I suppose we might have the recession to thank for this, but Nottingham Playhouse appear to have started offering cheap deals, on specific midweek nights, to selected city centre workplaces – including the building which houses K’s company. Consequently, we’ve just got back from a most agreeable evening’s entertainment, priced at a mere fiver per ticket – and I’m hoping that K will be able to swing the same deal for Brecht’s Caucasian Chalk Circle in November. (I acted in it as a teenager, and so have retained a certain sentimental attachment.)
As regards Noel Coward’s classic drawing room comedy, the attachment is no less sentimental. I grew up in the village of Blyth in North Nottinghamshire – and in a rare moment of wit, my father named our family cabin cruiser Blyth Spirit. I’d seen the 1945 movie (starring Rex Harrison and Constance Cummings) several times over – but not for at least two decades, and so my memory of the plot had dimmed to a degree that permitted the re-introduction of a useful measure of surprise.
This latest production has been staged in a traditional manner, with all period elements intact: not only the splendid, pitch-perfect set, but also the cut-glass diction and arch, mannered staginess of the cast. In the earliest scenes, some of this staginess teetered on the brink of “am dram”: most visibly in the case of the minor housemaid character, but most perilously in the case of the male lead, who stumbled over his delivery and generally took a while to get fully into his stride.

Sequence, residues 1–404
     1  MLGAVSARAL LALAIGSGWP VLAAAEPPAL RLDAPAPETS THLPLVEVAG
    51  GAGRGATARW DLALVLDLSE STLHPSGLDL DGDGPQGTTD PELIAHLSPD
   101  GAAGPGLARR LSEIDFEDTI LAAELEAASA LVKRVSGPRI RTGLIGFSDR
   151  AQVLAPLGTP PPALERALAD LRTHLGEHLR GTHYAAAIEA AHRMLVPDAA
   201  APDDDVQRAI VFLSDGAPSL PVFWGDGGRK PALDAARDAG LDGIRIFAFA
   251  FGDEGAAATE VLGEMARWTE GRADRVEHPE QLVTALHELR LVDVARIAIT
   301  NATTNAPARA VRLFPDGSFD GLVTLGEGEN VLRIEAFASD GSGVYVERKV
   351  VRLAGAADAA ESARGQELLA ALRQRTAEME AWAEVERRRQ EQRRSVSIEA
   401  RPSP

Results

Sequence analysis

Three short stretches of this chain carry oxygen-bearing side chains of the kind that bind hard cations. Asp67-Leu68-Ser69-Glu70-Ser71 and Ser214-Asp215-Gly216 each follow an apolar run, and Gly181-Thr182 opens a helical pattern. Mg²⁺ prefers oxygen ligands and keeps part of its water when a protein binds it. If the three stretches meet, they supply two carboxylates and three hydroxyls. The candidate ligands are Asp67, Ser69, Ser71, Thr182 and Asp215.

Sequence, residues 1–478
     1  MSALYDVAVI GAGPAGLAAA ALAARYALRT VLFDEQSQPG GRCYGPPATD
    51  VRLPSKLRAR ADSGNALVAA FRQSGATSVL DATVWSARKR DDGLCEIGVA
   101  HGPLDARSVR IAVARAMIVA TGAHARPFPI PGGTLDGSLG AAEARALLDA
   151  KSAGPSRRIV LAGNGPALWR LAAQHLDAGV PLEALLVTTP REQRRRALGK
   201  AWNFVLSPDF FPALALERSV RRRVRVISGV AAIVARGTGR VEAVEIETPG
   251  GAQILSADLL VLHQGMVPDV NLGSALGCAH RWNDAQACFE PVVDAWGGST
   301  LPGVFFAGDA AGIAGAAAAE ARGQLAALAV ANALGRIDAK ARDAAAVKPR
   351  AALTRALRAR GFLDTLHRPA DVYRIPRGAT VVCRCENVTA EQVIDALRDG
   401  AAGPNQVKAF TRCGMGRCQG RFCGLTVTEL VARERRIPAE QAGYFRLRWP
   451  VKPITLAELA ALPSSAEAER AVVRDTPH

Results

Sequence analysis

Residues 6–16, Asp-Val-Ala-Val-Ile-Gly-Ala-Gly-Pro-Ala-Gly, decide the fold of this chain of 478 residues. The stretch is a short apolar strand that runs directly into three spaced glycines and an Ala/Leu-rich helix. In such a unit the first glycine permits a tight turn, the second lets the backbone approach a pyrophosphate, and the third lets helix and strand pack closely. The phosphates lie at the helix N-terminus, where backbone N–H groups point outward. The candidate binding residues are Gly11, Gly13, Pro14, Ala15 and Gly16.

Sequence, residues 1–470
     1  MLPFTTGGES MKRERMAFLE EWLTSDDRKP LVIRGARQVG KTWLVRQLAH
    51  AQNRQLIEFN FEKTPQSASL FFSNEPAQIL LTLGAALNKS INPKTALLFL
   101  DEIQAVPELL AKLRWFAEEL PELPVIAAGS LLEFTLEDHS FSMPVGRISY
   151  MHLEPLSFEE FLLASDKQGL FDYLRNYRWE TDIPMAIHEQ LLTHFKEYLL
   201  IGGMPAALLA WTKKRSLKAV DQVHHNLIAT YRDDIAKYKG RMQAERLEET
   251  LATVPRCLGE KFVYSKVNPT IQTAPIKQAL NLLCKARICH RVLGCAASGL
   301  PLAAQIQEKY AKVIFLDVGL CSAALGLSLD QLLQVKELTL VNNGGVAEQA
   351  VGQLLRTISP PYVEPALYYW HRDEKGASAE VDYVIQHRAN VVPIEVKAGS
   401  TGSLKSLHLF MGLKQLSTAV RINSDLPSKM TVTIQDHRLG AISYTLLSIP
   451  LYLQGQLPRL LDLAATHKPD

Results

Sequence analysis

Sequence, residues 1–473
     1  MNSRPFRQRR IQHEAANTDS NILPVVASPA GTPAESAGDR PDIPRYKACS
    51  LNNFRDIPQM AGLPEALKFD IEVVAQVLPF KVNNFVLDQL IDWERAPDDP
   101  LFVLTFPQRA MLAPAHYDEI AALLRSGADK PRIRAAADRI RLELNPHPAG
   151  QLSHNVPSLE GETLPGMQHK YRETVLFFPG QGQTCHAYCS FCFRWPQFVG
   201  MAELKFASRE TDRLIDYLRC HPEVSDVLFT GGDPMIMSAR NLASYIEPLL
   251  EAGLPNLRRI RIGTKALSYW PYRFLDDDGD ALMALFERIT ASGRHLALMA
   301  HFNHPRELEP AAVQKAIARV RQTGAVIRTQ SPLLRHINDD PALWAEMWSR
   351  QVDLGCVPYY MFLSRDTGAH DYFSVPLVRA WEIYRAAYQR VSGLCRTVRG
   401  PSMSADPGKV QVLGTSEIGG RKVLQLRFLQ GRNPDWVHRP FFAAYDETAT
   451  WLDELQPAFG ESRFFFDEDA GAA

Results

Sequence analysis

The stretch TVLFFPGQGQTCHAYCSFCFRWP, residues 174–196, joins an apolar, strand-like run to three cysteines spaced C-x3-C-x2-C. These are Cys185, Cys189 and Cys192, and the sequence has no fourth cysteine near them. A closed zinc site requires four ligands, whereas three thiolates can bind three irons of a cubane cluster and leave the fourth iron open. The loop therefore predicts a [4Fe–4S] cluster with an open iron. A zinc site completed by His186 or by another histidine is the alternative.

The oddest moment of the evening came with the introduction of the dinner guests, George and Violet, as the actress playing Violet bore an uncanny resemblance to… oh, you know, that woman off that thing on the telly. (I Googled her when I got home: Anne Reid, best known for her portrayal of Ken Barlow’s first wife in Coronation Street – you know, her that electrocuted herself with the hair dryer – and of Mavis Riley’s fellow refugee from Cafe BonBon on Dinner Ladies.) In fact, the resemblance was so uncanny that half the audience started muttering to each other (“Ooh, it’s her off that thing on the telly”), and there was even a brief smattering of applause.
Except that I’ve checked, and it wasn’t her off that thing on the telly at all – but a younger actress, with a markedly similar toothsome over-bite. Well, it did seem strange to have cast the best known performer in such a limited role…
Although hampered by a quiet (if faultlessly attentive) audience, whose laughter rarely rose above a polite titter, the cast did the script justice, with intelligent readings that shyed away from stock characters and easy laughs. The actress playing the ghostly Elvira pitched her performance just right, blending soignée other-worldliness with crafty mischief – and the actress playing the eccentric medium Madam Arcati was brave enough to break completely with Margaret Rutherford’s unforgettable interpretation, taking the character down a measurably different route without ever compromising her purpose or throwing away her comedic potential.
A word about the interval drinks. K and I ordered our G&Ts in advance, and were dismayed to discover that they barely tasted of gin at all. So we approached the bar: in righteous search of redress, but also perhaps unwittingly channelling the spirit of La Rutherford herself:
“Young man! We ordered gin and tonics, but we can’t taste the gin – can we, dear? We think there must have been some sort of mistake!”
“But I remember pouring your drinks myself – and there’s definitely gin in both of them.”
“Well, we definitely can’t taste it – can we dear? It’s really most terribly weak! Now, are you quite, quite sure?”
“I’m positive. But if you’d like me to pour you another…”
“Oh, yes please! How kind you are!”
“So, is that just the one measure between you, or should I…”
“No, don’t be silly: one measure each of course, there’s a good… oh yes, that’s so much better. Yes, four pounds eighty, of course…”
What have we become? Don’t feel that you have to answer that.